Wednesday, April 1, 2009

A Backyard Game Taken Way Too Far

Fifty years ago, a father named David N. Mullaney created a game for his sons. Unable to play baseball in the backyard due to fly ball threats to siding, windows, and their mother hanging laundry, their father began to experiment with a plastic version of the baseball and bat. Soon after, he and his sons were smashing line drive home runs safely across the property and pitching some of the most wicked curve balls ever seen. As they swung and wiffed, they named the game Wiffle Ball. Their mother was also free to work in the yard again without fearing for her own safety from flying base or tennis balls.

Today, this iconic American game is a sport. Leagues and tournaments are gearing up for opening day of Wiffle season. Some of America's best are flocking to New York for some of the strongest competition and biggest tournament prizes. Tournament providers like Big League Wiffle Ball and Goldenstick Wiffle League provide the venue for some of the finest Wiffle action in the country. Players tap into Mullaney's genius and defy the laws of physics with their pitching. They relish their unique pocket of the American sports world with an unparalleled pleasure and ferocity.

The New York Regional Manager for the Goldenstick Wiffle League is Rob “Wiffman” Piervinanzi. This league's motto is “a backyard game taken way too far.” Complete with a 21 game season, each franchise has an owner who picks a team through a free agent system. Each player is rated on a point system which is equalized to provide solid competition.

Piervinanzi has been playing Wiffle since 2003. He found himself captivated by “the thrill of playing something so simple at such a high level of competition.” Lou Levesque, the President of Goldenstick Wiffle League, noticed Piervinanzi's enthusiasm for Wiffle and soon recruited him into the New York Regional Manager position.

Piervinanzi is notorious at the plate or on the pitcher's mound. His favorite pitch is the drop-curve, learned from his newest teammate named Matty Griffin. “I usually stick with my slider, riser, screwball, drop, change, and mix-in the drop-curve.” He has pitched 80% of every game he's played and averaged over 130 innings for 6 straight years. He noticed a decrease in the durability of his arm at age 24. To ensure top performance, he united with two of the top five pitchers in the country named Ryan O'Shea and Matty Griffin, as well as one of the top ten hitters in the nation named Troy Parks to create a team called Remember The Name. Officially sponsored by Riser, Piervinanzi's skills are money.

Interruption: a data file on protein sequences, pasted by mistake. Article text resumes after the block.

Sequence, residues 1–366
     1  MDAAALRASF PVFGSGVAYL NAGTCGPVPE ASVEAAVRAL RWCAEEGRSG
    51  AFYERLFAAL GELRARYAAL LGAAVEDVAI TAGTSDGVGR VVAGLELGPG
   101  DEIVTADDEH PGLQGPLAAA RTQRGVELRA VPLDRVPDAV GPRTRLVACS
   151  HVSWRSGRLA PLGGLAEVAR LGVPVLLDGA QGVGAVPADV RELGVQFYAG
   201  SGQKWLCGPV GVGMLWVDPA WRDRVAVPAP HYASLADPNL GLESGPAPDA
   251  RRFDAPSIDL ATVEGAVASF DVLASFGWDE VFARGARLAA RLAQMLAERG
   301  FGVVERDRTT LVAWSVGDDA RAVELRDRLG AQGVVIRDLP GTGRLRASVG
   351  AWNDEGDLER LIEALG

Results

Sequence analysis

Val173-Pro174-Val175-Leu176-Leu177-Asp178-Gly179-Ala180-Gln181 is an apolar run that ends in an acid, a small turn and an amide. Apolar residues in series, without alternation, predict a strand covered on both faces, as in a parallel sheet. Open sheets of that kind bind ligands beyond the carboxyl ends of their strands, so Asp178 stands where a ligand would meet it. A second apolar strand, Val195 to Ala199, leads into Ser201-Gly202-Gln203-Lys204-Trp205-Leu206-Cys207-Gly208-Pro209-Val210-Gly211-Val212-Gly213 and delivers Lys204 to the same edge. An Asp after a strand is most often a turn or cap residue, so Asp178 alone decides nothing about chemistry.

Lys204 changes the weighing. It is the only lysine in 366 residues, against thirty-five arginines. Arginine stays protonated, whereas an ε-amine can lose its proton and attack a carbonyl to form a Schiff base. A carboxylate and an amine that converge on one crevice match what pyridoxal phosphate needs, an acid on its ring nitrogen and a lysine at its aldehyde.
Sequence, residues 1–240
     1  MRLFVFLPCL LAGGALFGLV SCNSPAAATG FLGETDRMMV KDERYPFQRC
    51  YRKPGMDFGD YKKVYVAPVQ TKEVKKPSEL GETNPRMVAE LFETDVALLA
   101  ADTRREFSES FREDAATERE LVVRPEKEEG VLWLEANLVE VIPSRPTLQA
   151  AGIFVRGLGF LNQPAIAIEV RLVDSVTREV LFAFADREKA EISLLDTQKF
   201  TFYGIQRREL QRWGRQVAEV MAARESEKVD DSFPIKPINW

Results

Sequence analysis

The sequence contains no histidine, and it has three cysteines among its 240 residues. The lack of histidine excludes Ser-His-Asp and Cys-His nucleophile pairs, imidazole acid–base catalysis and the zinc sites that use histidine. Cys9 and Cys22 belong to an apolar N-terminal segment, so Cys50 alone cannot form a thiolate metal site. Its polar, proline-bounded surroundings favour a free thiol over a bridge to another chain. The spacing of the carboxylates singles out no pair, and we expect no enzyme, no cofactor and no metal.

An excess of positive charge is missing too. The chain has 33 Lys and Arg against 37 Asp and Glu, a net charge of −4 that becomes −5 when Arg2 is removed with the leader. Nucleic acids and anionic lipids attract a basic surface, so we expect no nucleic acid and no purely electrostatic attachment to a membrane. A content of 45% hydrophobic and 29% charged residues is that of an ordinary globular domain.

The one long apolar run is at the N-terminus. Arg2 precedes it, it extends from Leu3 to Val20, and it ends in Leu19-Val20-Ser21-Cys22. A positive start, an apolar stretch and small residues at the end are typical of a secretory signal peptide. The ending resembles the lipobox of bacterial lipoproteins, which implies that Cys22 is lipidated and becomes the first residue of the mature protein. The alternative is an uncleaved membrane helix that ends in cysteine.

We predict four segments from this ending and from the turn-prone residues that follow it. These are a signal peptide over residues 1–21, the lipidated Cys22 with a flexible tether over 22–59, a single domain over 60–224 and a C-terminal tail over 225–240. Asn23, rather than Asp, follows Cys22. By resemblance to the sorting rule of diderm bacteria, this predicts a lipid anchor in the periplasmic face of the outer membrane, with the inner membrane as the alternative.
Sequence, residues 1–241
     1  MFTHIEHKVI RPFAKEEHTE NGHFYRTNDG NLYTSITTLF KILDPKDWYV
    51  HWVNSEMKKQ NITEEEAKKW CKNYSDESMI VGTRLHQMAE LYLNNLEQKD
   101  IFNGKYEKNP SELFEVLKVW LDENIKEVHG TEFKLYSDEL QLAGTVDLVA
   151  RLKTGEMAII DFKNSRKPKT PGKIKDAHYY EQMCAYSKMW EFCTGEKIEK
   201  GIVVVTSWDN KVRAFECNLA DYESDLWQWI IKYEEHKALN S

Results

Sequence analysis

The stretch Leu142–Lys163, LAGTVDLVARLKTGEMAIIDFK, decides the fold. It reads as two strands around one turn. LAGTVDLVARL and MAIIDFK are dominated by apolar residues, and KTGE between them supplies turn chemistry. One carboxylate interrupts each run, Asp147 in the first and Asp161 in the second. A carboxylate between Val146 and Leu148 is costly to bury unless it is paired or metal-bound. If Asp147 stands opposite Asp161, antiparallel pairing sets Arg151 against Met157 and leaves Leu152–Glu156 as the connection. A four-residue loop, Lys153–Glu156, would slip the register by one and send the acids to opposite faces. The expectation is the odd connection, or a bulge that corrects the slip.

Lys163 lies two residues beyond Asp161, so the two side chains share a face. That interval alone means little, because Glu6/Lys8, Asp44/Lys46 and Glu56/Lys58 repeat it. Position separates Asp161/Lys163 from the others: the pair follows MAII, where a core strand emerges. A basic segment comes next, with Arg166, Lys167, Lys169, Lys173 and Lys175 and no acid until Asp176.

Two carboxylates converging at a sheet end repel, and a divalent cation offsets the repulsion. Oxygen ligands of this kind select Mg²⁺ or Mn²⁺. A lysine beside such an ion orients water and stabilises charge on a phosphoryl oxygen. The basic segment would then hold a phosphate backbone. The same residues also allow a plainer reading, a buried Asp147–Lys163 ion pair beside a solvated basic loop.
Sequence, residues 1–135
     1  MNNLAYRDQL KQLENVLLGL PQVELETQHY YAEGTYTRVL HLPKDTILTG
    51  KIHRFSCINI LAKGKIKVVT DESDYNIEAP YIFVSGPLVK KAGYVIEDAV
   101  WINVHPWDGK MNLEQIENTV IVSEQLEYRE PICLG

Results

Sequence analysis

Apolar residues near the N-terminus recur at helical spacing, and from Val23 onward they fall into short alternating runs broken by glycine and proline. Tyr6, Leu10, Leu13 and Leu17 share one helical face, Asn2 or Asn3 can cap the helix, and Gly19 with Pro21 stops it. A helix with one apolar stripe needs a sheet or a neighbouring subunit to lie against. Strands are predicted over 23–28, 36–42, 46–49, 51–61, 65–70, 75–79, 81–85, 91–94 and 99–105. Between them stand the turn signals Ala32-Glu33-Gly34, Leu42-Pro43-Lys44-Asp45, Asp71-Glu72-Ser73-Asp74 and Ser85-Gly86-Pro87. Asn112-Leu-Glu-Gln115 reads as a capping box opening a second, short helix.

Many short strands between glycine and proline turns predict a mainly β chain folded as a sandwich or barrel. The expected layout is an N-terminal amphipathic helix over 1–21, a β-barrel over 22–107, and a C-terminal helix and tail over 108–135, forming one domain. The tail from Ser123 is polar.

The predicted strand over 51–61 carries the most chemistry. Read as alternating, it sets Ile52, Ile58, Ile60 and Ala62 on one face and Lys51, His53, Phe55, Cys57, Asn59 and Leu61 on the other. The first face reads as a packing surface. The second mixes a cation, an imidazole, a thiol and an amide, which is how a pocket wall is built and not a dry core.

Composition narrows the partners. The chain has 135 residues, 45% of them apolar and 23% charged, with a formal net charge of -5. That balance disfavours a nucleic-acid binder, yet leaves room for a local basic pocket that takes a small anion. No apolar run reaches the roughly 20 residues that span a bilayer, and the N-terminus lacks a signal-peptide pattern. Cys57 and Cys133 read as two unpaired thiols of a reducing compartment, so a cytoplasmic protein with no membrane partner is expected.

“Wiffman” travels nearly every weekend of the Wiffle Ball season which is generally May through September. Nick Benas and Jared Verrillo, co-creators of Big League Wiffle Ball, “love having Wiffman at our tournaments.” Benas calls him the Dennis Rodman of Wiffle. “I love his energy. He's always fired up, yelling chatter and propaganda. He has great command of hitting and pitching.” Piervinanzi enjoys the Big League Wiffle Ball format which requires the use of the iconic yellow bat and is open to all takers. “It's use of backyard rules and the yellow bat make it fun.”

For less than ten dollars, Buffalonians can find themselves handling their own yellow bat and attempting to master the white plastic ball with eight mysterious holes on one side. They can join teams like the Western and Central New York Heroes whose home field is “anywhere on any day with good weather” or Free Agents with nicknames like Mickey, Pops, The Irish Saint, Tay, Casillo, Jimbo, JS, Larman, and Rizzo. Teams like the Indians, Piwakawaka Kokakos, AC's Posse, and NWBL are already swatting wiffle balls into their neighbor's backyards in Rochester. Come tournament time, they just might find Wiffman winding up and attempting to slice drop curves into their strike zone. This American staple which was once just a child's game is officially going pro.


article from Sports Leisure Magazine

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